Brief History of the Quadricycle
A Quadricycle is a four-wheeled human-powered vehicle. It is also referred to as a quadracycle, quadcycle, quadrocycle or as a four-wheel bicycle.
The earliest recorded pedal-powered quadricycle was exhibited 1853 at the Exhibition of the Industry of All Nations World's Fair held in New York. This was about the same time that two-wheeled bicycles started to become popular. Quadricycles were one solution to the problem of low-speed stability in early cycles and were typically multi-seat models. Both tandem (in line) and sociable (side-by-side) seating configurations were used.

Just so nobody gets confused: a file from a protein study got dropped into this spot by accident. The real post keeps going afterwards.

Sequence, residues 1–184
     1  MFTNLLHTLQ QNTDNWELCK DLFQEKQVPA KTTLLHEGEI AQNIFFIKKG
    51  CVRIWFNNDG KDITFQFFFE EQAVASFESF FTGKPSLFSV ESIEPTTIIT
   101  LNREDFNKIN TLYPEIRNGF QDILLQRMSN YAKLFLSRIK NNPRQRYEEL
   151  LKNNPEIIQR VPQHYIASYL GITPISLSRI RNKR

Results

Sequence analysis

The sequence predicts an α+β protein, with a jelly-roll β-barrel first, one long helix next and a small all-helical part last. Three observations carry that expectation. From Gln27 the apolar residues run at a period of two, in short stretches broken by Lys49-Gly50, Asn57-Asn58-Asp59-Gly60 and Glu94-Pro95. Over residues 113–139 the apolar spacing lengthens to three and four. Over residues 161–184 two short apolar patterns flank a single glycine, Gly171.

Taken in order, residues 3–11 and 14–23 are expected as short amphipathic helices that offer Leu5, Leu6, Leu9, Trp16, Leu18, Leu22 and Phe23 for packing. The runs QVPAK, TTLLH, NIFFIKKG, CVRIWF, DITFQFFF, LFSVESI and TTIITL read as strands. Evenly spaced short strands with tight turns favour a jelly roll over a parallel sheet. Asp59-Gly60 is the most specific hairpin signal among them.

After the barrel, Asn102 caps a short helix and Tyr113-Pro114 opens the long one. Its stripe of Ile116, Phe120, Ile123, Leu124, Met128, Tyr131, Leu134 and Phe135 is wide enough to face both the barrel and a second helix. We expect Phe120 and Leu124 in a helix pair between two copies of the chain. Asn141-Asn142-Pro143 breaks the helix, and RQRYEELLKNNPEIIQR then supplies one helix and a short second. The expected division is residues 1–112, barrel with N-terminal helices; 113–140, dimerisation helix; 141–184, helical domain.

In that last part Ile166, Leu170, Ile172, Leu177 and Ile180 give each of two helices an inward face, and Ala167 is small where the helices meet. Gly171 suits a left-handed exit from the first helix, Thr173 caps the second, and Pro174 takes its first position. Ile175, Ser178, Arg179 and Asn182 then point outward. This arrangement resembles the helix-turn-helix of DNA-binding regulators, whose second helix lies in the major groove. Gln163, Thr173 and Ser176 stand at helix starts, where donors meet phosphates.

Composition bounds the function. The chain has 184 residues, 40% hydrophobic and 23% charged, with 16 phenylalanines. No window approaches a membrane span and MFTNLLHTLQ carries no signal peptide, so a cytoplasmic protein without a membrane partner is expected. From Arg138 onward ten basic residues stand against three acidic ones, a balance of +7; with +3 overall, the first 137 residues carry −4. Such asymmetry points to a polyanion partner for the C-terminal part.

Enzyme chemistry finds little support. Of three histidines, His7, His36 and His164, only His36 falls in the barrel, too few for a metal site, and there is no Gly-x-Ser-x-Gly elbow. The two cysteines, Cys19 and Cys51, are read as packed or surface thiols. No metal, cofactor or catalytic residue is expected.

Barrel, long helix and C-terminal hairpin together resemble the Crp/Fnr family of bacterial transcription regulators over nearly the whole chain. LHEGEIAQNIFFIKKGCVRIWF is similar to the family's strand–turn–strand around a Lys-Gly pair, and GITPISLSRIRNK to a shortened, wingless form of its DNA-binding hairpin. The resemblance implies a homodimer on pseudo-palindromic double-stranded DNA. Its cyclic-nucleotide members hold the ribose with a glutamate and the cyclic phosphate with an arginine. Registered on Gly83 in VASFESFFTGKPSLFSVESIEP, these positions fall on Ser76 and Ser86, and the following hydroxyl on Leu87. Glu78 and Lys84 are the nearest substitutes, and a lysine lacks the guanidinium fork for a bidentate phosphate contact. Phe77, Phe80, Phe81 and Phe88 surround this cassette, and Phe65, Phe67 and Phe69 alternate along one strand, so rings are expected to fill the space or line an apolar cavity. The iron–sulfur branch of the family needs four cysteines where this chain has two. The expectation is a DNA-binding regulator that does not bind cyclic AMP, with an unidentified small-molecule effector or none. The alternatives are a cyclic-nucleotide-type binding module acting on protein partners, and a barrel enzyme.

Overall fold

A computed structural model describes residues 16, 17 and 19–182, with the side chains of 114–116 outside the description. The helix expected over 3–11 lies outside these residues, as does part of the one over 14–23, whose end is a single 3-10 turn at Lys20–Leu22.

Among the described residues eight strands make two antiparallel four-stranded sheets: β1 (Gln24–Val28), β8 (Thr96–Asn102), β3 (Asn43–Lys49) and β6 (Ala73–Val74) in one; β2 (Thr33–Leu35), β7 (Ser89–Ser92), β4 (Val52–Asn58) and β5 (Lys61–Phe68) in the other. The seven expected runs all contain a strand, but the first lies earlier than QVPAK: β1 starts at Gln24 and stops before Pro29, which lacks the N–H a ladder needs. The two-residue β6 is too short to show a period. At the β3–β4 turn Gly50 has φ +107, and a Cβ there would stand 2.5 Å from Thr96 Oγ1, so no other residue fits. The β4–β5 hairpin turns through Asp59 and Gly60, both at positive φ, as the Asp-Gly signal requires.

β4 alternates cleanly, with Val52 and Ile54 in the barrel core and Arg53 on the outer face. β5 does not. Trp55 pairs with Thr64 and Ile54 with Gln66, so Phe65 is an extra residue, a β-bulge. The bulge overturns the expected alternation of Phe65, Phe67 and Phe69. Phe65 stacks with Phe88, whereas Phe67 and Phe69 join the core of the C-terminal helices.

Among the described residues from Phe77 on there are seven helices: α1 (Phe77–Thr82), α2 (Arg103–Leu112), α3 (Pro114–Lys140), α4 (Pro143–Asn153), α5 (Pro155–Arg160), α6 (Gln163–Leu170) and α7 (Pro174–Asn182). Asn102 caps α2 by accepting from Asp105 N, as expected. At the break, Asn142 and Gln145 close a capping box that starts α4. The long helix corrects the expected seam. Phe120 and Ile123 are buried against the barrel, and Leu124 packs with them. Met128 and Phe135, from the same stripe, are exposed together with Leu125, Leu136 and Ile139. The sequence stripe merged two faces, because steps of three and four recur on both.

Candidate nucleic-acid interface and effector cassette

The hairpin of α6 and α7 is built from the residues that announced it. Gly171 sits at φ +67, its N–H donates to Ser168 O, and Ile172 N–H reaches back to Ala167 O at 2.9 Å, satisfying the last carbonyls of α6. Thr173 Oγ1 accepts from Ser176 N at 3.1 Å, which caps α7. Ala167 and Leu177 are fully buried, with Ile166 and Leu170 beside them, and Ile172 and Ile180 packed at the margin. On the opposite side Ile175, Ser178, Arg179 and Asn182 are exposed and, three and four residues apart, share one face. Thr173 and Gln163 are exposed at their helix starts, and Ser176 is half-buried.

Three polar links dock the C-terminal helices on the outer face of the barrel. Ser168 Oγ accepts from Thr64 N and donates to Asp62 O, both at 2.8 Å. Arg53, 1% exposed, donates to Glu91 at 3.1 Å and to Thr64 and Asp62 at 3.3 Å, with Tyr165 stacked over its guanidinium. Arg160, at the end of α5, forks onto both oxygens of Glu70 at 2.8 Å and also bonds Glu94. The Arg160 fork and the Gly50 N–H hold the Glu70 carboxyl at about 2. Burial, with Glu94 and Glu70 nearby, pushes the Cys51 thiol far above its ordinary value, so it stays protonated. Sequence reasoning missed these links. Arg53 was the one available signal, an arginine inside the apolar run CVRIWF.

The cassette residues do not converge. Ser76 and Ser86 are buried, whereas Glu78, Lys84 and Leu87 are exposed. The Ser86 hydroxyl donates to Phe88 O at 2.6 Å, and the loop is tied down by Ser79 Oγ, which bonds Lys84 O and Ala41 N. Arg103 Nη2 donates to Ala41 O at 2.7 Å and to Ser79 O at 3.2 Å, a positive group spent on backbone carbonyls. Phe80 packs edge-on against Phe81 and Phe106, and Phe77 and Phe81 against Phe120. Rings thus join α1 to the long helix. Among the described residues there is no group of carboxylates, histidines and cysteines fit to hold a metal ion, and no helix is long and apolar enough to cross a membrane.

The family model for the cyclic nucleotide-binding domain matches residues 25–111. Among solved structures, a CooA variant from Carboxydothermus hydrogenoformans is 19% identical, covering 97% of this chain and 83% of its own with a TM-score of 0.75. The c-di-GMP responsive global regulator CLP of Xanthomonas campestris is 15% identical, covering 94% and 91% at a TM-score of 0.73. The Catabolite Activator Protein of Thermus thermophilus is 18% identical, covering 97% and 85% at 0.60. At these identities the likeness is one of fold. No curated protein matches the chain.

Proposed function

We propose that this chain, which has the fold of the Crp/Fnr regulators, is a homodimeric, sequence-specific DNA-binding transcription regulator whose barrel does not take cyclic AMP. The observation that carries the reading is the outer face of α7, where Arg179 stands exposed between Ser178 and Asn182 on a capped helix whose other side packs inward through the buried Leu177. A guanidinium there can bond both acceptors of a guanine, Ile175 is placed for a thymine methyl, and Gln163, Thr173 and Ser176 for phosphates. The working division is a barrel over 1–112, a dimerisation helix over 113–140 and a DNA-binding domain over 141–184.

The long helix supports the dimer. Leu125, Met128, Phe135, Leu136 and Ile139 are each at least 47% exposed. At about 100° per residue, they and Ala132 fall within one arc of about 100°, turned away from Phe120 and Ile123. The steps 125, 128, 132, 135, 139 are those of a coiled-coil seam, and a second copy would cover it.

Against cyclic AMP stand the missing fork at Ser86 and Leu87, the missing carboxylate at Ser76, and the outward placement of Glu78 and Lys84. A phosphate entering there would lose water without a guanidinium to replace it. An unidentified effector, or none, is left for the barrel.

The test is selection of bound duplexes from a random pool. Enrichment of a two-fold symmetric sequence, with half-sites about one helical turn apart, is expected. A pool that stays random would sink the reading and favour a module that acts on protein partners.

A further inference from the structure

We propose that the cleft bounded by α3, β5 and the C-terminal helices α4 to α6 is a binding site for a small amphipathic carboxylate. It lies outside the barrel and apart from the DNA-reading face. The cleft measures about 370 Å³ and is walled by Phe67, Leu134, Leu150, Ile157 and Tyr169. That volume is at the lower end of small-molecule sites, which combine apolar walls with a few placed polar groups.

Historically the most common layout placed the wheels at the corners of a rectangle. An alternative layout had its wheels at the angles of a rhombus (or, more generally, at the angles of a geometric kite). The rhombus layout proved less convenient, because such vehicles were less stable and left three tracks instead of two.
The first experimental steam automobiles were sometimes called steam
quadricycles. The Ford Quadricycle was one of the few very
early internal combustion cars called motor quadricycles. The terms
automobile and car rapidly became universal, supplanting this usage.
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